Δr is very very small, hence Δr² still smsll hence the term 8 πΔr² can be neglected.

Final surface area = A =  8 πr² + 16 πr.Δr

Hence Change in area = A – A =  8 πr² + 16 πr.Δr  –  8 πr²

Change in area = dA =  16 πr.Δr

Now, work done in increasing the surface area is given by

dW = T. dA = T.  16 πr.Δr    …………… (1)

By definition of work in mechanics we have

dW = Force ∴ displacement = F .Δr  …………… (2)

But P = F /A, Hence F = Excess pressure × Area

F = (Pi– Po) × 4 πr²

Substituting in equation (2) we have

dW = (Pi– Po) × 4 πr².Δr  …………… (3)

From equations (3) and (4) we have

(Pi– Po) × 4 πr².Δr  = T.  16 πr.Δr

(Pi– Po) = 4T / r

This relation is known as Laplace’s law for spherical membrane for a liquid bubble.



Question – 4:

  • Obtain an expression for the rise of wetting liquid in a capillary tube.(Model Paper – 1 – 3M) OR  Derive an expression for the height of the liquid column in a capillary tube when dipped vertically in the liquid.    (Model Paper – 6 – 2M)
  • Answer:
  • If a glass tube of a smaller bore (capillary tube) is immersed in a liquid which wets the glass (water), then the liquid level inside the tube rises. If the tube is immersed in a liquid which does not wet the glass (mercury), then the liquid level inside the tube decreases. This phenomenon of the rise or fall of liquid in a capillary tube is called capillary action or capillarity.
  • Consider a capillary tube immersed in a liquid that wets it. The liquid will rise in the capillary tube. The surface of the liquid will be concave.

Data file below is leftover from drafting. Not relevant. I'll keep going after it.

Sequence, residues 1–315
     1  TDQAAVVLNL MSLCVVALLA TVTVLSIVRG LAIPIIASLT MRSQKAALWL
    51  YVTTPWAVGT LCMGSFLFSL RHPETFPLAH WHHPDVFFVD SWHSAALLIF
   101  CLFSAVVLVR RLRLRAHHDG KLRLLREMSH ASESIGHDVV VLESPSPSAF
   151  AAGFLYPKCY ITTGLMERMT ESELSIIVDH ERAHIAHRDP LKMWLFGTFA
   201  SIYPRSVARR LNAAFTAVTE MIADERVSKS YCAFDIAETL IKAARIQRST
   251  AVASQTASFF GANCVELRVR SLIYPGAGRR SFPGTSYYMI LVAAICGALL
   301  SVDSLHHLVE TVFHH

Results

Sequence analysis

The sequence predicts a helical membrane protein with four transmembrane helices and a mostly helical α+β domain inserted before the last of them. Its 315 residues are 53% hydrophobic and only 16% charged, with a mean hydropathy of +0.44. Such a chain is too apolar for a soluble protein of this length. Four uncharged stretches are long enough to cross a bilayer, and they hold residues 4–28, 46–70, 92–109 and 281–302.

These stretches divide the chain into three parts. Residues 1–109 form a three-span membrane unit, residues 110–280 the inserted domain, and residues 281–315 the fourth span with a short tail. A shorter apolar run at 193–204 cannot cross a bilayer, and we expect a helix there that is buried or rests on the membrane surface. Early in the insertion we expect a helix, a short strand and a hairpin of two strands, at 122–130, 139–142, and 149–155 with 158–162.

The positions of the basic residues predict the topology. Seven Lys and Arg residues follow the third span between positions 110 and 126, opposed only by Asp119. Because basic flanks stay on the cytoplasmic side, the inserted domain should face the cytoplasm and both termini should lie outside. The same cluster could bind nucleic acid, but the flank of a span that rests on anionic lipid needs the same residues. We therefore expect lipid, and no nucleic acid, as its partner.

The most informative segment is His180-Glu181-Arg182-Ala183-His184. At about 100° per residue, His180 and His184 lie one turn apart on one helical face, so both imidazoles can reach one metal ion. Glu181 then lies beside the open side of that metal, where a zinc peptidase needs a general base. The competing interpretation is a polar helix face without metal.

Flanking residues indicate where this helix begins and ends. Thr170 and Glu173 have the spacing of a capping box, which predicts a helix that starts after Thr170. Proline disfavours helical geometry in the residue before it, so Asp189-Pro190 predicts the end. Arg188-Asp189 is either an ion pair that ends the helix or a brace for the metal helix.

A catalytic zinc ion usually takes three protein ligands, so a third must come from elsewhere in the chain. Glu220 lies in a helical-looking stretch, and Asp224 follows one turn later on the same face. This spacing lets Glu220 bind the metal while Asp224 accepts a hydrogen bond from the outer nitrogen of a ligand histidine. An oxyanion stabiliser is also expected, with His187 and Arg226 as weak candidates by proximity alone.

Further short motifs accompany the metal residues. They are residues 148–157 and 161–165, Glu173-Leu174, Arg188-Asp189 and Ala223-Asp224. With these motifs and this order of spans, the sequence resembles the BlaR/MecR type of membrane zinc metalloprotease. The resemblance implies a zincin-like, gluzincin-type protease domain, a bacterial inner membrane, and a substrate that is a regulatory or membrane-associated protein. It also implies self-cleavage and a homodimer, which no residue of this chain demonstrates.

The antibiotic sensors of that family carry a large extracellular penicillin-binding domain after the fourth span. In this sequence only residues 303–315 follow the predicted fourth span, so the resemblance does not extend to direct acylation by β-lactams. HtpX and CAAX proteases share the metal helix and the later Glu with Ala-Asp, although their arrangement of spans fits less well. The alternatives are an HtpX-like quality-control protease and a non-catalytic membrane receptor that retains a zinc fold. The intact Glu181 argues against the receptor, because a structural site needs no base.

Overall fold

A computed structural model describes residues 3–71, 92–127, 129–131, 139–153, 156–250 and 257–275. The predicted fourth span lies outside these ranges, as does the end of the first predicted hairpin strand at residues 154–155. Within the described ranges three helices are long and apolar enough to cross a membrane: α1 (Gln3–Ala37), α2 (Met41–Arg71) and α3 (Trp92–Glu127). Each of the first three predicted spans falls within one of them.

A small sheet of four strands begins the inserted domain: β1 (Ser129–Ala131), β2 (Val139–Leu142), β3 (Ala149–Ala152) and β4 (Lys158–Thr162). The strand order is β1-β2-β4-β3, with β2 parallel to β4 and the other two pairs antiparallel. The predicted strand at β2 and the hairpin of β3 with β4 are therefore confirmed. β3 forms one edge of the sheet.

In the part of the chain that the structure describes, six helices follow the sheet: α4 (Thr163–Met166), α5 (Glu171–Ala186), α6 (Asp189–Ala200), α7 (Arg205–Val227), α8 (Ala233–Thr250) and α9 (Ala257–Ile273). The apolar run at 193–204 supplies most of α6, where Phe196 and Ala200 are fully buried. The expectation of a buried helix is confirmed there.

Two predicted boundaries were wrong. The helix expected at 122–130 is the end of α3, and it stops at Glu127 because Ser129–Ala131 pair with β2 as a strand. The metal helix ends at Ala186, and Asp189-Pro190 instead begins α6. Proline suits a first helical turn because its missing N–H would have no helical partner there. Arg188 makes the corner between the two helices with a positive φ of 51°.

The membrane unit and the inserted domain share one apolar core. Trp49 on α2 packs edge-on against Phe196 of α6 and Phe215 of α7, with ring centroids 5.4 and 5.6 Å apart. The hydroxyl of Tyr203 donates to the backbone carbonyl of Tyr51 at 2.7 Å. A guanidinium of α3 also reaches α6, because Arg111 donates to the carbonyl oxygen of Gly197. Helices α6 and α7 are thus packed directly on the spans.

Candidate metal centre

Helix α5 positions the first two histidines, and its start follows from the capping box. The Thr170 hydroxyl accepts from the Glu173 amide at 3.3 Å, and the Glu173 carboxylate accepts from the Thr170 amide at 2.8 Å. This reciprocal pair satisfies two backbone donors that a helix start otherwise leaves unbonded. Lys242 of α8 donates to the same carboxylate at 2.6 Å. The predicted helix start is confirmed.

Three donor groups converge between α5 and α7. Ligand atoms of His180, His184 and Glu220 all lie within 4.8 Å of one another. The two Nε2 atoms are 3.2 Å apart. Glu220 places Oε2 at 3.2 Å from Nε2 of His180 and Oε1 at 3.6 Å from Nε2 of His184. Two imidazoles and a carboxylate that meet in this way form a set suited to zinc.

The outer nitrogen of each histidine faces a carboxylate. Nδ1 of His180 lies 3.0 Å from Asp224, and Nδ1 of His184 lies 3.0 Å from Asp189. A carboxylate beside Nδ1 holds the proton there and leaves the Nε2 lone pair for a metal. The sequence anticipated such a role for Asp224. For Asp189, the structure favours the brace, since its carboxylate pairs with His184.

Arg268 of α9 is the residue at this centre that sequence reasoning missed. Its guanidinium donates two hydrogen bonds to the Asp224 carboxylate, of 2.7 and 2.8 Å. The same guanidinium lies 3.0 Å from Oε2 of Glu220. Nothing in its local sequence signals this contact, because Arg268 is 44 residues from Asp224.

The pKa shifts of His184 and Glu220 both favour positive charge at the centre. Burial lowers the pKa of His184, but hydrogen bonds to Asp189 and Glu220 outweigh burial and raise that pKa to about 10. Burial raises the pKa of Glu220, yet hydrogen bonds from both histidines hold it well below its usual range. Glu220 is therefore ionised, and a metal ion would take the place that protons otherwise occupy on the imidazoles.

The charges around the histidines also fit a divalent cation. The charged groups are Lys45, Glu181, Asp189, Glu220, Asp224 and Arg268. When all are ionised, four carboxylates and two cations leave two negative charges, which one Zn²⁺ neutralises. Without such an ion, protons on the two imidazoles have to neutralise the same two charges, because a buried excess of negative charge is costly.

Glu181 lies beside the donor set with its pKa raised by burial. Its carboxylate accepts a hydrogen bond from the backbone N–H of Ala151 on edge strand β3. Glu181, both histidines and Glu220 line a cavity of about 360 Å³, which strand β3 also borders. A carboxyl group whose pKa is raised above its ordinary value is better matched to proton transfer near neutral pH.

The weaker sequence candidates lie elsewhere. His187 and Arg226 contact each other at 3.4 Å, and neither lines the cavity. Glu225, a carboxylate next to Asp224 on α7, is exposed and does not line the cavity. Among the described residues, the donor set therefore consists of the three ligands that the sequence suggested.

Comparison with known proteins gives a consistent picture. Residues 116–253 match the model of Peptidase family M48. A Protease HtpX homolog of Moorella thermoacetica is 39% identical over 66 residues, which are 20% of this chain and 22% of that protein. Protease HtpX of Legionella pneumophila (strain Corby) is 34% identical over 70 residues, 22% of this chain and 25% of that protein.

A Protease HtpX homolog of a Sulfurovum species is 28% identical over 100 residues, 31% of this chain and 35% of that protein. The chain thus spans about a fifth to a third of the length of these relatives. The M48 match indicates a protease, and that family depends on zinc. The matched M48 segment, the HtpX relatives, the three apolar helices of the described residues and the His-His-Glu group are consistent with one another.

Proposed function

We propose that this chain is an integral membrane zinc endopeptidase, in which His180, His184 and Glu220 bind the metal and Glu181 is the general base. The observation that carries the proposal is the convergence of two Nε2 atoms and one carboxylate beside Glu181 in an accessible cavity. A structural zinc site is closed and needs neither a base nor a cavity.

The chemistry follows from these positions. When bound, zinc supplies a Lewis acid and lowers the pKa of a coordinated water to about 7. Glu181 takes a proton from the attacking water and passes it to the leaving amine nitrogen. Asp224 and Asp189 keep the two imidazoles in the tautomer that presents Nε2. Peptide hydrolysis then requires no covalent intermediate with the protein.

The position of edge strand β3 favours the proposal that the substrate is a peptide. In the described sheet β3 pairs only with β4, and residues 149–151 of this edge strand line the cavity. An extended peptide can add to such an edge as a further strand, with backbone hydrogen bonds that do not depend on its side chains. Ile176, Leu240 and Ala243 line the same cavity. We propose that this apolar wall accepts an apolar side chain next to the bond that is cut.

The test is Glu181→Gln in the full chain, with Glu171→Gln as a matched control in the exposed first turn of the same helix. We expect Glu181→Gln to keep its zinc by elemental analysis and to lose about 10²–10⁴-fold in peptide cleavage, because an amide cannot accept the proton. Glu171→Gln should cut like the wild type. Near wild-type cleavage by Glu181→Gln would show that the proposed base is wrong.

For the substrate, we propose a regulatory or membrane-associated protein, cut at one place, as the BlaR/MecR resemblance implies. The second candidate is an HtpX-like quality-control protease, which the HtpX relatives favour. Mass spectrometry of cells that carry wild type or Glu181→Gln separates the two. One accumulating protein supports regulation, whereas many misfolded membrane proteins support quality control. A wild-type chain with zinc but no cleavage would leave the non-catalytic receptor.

Capillarity 05

  • The surface tension ‘T’ acts along the tangent to the liquid surface at the point of contact as shown. Let q be the angle of contact. The force of surface tension is resolved into two components vertical T cos θ and horizontal T sin θ. The components T sinθ cancel each other as they are equal in magnitude and radially outward (opposite to each other). The unbalanced component T cos θ will push the liquid up into the capillary tube. This explains the rise in the liquid layer in the capillary tube.
  1. If ‘r’ is the radius of the bore of the capillary tube, the length along which the force of surface tension acts is 2πr. Hence total upward force is  2πr T cos θ.
  2. Due to this force the liquid rise up in the tube. The weight of liquid acts vertically downward. The liquid goes on rising till the force of surface tension is balanced by the weight of the liquid column.

Total upward force  =  Weight of liquid in the capillary tube.

2πr T cos θ  =    mg

Where ‘m’ is the mass of liquid in the capillary tube.

2πr T cos θ   =    V ρ g

Where ‘V’ is the volume of liquid in capillary and ρ is the density of the liquid in the capillary tube.

2πr T cos θ   =    π r²h ρ g

Where ‘h’ is the height of the liquid column in the capillary tube. then

Capillary action

This is an expression for the rise in the liquid in the capillary tube.

  • Draw a neat labelled diagram showing the forces acting on the meniscus of water in the capillary tube.  (MHSB October – 15-2 M) OR  Draw a neat labelled diagram of the rise of liquid in capillary tube showing different components of tension (force). (MHSB July – 16-2 M)

Capillarity Capillary Tube

Where, T = Surface tension

h = height of liquid column in capillary tube

θ = Angle of contact

r = Radius of cross-section of Capillary Tube

  • Draw a neat labelled diagram of a mercury drop on glass showing all interfacial tensions.(Model Paper – 2 – 2M)

Angle of Contact 04

Where, θ  = the angle of contact of given solid-liquid pair.

T1 = Surface tension at the liquid-solid interface

T2 = Surface tension at the liquid-solid interface

T3 = Surface tension at the liquid-solid interface